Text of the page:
If you have access to Usenet, see the regular postings in the comp.sources.unix and comp.sources.misc newsgroups, which describe, in some detail, the archiving policies and how to retrieve copies.  The usual approach is to use anonymous ftp and/or uucp from a central, public-spirited site, such as uunet (ftp.uu.net,  However, this article cannot track or list all of the available archive sites and how to access them.

Ajay Shah maintains an index of free numerical software; it is posted periodically, and available where this FAQ list is archived (see question 17.33).  The comp.archives newsgroup contains numerous announcements of anonymous ftp availability of various items.  The "archie" mailserver can tell you which anonymous ftp sites have which packages; send the mail message "help" to archie@quiche.cs.mcgill.ca for information.  Finally, the newsgroup comp.sources.wanted is generally a more appropriate place to post queries for source availability, but check its FAQ list, "How to find sources," before posting there.

17.13: When will the next International Obfuscated C Code Contest (IOCCC) be held?  How can I get a copy of the current and previous winning entries?

The contest schedule is tied to the dates of the USENIX conferences at which the winners are announced. At the time of this writing, it is expected that the yearly contest will open in October. To obtain a current copy of the rules and guidelines, send e-mail with the Subject: line "send rules" to:

{apple,pyramid,sun,uunet}!hoptoad!judges  or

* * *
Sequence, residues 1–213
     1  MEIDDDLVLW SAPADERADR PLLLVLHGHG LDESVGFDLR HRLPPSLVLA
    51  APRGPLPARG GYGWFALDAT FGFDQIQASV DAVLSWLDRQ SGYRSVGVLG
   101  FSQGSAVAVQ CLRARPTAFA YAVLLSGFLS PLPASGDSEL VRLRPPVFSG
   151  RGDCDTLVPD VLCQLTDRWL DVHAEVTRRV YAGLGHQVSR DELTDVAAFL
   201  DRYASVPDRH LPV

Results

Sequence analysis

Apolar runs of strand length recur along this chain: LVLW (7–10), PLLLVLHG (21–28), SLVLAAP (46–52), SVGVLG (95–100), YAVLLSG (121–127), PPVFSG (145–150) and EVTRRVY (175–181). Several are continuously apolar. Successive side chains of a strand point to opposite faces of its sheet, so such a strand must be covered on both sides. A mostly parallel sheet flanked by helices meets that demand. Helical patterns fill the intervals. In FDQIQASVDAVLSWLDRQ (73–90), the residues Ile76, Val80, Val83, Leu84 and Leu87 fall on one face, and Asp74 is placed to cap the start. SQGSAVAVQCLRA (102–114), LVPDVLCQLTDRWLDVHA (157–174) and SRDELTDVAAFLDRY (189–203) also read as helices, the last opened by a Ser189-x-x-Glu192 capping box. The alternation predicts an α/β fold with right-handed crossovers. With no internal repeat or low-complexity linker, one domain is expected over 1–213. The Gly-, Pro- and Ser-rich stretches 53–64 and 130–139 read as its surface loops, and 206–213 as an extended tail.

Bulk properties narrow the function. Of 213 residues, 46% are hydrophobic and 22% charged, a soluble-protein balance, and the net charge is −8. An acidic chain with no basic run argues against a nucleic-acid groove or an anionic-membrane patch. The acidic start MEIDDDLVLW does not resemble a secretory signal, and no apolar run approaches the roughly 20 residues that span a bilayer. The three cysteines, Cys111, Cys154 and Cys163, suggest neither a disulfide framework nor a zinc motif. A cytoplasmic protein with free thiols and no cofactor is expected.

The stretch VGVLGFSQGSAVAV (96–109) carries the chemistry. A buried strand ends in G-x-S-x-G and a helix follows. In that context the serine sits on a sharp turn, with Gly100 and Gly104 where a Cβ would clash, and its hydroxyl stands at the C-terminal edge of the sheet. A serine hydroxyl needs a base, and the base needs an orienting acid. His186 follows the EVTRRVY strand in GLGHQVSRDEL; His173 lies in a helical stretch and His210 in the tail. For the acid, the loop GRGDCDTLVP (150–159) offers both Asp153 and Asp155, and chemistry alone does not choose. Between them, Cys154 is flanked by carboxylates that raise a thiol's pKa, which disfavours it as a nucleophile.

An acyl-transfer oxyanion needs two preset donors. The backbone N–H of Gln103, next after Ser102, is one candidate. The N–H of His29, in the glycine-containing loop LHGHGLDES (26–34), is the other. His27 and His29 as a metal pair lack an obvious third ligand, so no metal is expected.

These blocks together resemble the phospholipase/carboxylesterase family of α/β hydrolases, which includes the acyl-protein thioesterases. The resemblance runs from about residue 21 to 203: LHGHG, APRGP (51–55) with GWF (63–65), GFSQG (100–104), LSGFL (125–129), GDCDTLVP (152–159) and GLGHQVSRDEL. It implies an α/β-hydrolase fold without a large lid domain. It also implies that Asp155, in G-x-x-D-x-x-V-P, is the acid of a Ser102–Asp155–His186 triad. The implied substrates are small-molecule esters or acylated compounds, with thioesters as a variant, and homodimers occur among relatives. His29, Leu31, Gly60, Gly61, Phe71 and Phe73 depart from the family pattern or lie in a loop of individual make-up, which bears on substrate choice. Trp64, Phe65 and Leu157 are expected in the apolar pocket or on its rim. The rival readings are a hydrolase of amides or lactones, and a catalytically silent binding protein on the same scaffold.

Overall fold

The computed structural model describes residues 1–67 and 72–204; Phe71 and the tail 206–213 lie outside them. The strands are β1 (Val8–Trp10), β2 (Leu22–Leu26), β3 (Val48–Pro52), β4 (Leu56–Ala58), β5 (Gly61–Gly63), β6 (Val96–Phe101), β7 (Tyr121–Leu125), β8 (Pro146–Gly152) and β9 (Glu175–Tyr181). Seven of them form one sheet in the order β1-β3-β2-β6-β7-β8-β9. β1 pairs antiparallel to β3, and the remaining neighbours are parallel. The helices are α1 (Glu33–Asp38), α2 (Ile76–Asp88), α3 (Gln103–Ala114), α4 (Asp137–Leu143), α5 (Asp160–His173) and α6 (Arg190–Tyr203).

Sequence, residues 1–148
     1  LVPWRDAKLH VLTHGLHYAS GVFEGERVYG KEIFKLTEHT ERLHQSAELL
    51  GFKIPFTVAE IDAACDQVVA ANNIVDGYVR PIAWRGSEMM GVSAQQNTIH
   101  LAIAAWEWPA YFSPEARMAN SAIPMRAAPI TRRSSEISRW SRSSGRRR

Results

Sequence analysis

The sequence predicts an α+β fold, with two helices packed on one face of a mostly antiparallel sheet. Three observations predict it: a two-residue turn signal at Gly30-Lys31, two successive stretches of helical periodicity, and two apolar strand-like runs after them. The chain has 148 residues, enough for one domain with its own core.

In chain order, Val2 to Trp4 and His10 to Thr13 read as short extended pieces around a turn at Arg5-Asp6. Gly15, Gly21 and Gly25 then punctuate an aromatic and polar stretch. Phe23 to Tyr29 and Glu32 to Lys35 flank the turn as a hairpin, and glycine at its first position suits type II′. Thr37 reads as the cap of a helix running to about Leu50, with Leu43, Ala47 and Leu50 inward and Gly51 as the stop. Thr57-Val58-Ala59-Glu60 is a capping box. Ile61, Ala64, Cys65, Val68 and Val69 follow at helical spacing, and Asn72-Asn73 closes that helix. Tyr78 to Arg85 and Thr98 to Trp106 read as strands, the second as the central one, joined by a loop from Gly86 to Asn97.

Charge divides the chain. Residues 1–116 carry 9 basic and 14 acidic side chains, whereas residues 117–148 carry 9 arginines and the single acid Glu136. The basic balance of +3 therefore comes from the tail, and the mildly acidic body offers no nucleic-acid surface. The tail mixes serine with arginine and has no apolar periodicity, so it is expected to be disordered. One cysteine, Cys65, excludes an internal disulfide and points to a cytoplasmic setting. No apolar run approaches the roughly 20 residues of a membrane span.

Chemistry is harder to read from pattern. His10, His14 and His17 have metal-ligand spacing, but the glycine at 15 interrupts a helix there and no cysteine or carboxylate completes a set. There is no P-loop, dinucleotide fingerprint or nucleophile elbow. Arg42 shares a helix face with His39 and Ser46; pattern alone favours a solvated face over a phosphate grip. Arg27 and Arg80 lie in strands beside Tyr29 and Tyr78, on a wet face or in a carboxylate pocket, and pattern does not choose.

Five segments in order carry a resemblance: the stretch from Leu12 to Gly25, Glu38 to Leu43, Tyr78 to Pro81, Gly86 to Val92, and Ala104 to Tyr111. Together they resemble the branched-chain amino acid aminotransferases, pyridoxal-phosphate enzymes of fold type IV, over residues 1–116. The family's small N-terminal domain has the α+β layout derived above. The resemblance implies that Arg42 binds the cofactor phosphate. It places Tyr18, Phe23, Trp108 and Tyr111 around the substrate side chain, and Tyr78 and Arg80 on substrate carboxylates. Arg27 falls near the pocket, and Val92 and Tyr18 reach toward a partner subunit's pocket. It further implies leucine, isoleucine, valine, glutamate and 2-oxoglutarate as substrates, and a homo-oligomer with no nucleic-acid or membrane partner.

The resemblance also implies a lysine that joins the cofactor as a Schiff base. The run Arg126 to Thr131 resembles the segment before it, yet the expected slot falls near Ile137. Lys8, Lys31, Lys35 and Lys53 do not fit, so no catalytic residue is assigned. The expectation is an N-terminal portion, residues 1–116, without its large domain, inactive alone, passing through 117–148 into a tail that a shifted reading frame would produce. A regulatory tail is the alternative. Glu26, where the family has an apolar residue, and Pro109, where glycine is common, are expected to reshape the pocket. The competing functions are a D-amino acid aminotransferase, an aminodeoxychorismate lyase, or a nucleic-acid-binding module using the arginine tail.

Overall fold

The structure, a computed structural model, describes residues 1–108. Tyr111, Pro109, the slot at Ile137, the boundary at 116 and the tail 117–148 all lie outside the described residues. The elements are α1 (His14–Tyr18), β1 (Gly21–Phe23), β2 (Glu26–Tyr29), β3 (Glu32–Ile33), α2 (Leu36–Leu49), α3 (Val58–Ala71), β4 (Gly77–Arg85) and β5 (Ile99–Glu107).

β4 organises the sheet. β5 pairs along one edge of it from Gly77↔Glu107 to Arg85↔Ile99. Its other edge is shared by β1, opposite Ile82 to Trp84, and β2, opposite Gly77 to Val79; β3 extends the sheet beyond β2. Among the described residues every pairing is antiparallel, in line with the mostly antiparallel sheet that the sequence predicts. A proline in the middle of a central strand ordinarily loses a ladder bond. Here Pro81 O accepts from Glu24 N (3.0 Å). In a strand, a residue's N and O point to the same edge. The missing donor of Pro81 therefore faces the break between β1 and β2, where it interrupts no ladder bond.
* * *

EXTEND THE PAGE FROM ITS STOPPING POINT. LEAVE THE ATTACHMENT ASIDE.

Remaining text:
(Note that these are not the addresses for submitting entries.)

Contest winners should be announced at the winter USENIX conference in January, and are posted to the net sometime thereafter. Winning entries from previous years (to 1984) are archived at uunet (see question 17.12) under the directory ~/pub/ioccc.

As a last resort, previous winners may be obtained by sending e-mail to the above address, using the Subject: "send YEAR winners", where YEAR is a single four-digit year, a year range, or "all".

17.14: Why don't C comments nest?  How am I supposed to comment out code containing comments?  Are comments legal inside quoted strings?

Nested comments would cause more harm than good, mostly because of the possibility of accidentally leaving comments unclosed by including the characters "/*" within them.  For this reason, it is usually better to "comment out" large sections of code, which might contain comments, with #ifdef or #if 0 (but see question 5.11).

The character sequences /* and */ are not special within double-quoted strings, and do not therefore introduce comments, because a program (particularly one which is generating C code as output) might want to print them.

References: ANSI Appendix E p. 198, Rationale Sec. 3.1.9 p. 33.

17.15: How can I get the ASCII value corresponding to a character, or vice versa?

In C, characters are represented by small integers corresponding to their values (in the machine's character set) so you don't need a conversion routine: if you have the character, you have its value.

17.16: How can I implement sets and/or arrays of bits?